Rosie Ison and Gerry Cott from A-Z Animals trained the dog ‘actor’, working from storyboards to practice each comic set-piece to ensure she was ready to go from the moment cameras rolled. In fact, one memorable scene of destruction in the library took four weeks to rehearse.
Rowan intentionally avoided bonding with Pixel as the pair are rather at odds in the show. “He obviously made a decision that ‘no bonding’ was the way to go,” says Gerry.
“We were in total agreement with that - the point was that man vs canine alienation fitted his screen character.”
4. Rowan Atkinson is very methodical about the comedy in the script
Director David Kerr says: “[Rowan] has a master’s degree in engineering that really informs his approach to comedy. He is incredibly rigorous, and the rehearsal process was a case of talking through the action in real detail: what is Trevor doing at that point in the story, what implements he has access to, trying at all times to keep some plausibility to that action, however extreme or silly.”
5. The show wasn't always called Man vs Bee
“It was still called Housesitter when we started shooting, but Netflix preferred something a little less oblique,” laughs Rowan. The structure of the series also changed over the course of filming - the first two episodes were merged to allow for a more substantial introduction to the show - and to set up the havoc that was to follow.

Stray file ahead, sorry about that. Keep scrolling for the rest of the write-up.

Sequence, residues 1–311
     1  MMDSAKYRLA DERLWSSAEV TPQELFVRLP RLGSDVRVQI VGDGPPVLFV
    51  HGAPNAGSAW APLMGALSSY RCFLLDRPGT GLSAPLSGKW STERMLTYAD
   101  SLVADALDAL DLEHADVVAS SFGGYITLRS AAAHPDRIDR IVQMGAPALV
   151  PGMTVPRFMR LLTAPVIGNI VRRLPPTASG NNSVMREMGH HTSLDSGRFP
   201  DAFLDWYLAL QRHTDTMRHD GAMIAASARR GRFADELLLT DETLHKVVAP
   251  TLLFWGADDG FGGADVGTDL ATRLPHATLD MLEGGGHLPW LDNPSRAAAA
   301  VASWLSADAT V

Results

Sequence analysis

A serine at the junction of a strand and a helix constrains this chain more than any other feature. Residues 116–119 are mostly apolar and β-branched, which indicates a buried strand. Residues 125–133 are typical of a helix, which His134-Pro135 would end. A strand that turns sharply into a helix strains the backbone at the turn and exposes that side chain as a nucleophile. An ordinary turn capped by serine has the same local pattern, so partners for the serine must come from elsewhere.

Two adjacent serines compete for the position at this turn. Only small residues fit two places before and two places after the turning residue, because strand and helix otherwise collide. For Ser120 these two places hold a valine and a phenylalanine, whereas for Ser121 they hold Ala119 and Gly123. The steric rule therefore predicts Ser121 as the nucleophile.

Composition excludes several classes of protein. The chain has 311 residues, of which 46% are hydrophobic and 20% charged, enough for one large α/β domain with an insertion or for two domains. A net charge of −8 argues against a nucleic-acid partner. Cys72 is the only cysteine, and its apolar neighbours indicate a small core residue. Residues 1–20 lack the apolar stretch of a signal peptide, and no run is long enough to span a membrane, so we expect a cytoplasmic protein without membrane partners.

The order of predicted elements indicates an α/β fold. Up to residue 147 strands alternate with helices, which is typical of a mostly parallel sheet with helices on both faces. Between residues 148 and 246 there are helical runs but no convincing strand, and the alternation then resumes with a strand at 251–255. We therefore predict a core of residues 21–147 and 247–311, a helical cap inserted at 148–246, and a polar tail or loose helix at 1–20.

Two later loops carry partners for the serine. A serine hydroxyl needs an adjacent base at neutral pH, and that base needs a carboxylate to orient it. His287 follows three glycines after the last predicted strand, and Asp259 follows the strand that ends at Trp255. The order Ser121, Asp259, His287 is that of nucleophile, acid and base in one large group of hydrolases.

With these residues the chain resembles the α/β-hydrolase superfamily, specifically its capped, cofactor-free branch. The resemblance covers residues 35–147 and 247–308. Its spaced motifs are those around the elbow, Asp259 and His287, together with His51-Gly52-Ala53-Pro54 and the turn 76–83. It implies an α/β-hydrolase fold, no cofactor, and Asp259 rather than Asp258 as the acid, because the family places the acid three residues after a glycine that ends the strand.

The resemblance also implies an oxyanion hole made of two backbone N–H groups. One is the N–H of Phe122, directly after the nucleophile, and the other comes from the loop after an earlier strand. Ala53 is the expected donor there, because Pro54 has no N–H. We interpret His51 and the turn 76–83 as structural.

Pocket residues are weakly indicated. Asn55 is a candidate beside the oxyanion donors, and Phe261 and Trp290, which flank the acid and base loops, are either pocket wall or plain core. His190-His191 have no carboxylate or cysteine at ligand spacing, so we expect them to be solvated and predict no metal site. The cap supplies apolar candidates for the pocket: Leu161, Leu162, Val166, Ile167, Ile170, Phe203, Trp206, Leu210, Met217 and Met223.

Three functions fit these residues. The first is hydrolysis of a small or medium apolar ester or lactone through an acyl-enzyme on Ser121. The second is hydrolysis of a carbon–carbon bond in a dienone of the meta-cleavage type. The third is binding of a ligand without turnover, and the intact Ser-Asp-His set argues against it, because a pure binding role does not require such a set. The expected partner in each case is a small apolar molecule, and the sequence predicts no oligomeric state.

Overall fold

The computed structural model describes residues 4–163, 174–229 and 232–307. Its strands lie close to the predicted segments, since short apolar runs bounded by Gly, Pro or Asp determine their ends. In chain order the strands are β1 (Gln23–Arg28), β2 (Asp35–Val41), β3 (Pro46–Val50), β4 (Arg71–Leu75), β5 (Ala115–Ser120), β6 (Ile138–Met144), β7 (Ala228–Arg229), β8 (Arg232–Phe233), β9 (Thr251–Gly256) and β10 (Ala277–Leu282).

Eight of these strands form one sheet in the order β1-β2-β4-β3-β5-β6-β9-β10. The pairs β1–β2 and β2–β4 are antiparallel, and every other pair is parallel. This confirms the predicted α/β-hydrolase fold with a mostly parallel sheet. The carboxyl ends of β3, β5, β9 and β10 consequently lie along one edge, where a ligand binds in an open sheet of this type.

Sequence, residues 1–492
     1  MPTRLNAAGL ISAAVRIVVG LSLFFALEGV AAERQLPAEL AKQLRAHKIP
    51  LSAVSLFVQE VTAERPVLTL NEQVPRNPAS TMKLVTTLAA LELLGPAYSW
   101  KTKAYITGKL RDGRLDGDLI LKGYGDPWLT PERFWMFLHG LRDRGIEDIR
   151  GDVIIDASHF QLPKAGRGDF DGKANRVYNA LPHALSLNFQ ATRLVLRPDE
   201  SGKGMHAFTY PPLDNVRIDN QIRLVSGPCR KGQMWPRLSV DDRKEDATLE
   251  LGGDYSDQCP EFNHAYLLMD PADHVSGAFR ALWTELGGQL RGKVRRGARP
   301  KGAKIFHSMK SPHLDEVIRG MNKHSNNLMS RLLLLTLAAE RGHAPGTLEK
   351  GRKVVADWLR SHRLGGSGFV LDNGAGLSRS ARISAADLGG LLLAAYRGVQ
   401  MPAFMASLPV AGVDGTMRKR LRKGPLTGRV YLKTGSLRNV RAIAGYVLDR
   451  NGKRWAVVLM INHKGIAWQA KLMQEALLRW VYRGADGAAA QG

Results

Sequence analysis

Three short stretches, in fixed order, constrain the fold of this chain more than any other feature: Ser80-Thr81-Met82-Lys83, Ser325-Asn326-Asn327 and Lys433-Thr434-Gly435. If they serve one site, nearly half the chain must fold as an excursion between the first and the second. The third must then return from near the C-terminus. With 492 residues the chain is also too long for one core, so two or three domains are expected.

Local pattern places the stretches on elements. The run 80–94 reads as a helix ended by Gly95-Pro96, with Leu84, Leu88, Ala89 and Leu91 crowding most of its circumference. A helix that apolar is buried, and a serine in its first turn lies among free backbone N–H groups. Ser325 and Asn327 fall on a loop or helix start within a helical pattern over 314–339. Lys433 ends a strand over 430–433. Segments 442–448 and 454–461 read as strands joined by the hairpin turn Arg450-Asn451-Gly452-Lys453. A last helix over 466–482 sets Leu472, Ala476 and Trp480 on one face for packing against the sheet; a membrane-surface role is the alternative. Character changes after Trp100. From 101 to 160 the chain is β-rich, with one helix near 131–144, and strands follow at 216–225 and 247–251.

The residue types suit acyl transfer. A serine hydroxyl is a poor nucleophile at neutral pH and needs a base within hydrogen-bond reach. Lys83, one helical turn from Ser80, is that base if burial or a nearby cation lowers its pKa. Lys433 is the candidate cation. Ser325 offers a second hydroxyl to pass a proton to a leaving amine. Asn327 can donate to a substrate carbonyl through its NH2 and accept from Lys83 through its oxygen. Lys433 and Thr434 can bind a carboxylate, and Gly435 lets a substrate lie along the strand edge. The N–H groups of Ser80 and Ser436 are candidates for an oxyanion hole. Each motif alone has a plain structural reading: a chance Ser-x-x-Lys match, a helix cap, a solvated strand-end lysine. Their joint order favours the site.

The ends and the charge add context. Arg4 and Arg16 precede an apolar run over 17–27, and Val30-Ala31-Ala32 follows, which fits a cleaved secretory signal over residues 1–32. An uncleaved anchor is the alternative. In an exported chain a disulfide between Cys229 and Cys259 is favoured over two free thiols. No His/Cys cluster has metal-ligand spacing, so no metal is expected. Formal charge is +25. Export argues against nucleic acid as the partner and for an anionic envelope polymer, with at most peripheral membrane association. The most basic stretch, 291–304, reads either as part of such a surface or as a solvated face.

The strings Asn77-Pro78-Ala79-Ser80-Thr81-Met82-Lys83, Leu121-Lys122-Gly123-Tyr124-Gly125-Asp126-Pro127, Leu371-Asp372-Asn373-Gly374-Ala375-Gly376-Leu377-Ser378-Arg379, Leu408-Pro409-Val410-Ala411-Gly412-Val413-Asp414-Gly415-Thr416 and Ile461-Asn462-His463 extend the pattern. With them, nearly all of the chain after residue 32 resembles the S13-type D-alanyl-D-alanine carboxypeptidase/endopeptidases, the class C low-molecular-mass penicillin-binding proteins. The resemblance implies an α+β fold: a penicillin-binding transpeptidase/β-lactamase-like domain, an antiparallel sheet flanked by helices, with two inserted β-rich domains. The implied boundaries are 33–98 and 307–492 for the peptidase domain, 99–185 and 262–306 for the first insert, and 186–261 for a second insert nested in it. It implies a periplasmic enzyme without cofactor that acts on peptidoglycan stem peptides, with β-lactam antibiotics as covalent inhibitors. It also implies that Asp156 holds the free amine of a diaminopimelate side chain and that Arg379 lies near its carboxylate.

6. Rowan Atkinson acted alongside a puppeteer and a model bee for his scenes
Puppeteer Sarah Mardel - who previously worked on Fantastic Beasts: The Secrets of Dumbledore - dangled model bees from a two-metre wire at the end of a pole, so Rowan Atkinson had something to play off.
“What’s always hard is the business of making things funny when it’s just you,” says Rowan.
“I’m used to it to some extent with Mr Bean, but when there’s no one to bounce off and no one else in the scene, it’s even harder, so Sarah was a very essential support.”
7. Rowan Atkinson was keen to differentiate Trevor Bingley from Mr Bean
"We didn't really want to do it as a Mr Bean project," says Rowan.
"Mr Bean is fun, but he is quite a weirdo, a childish figure and very self-centered. I wanted a new character, and I liked the idea of playing a nicer, milder man with a broader outlook and a more identifiable life and situation."
In terms of comparisons to the character of Mr Bean, he says: “Trevor’s got an obsessive quality. That is something you might say he has in common with Mr Bean, and occasionally my facial expression may remind people of him.”
8. The show’s famous bee is not your ordinary honeybee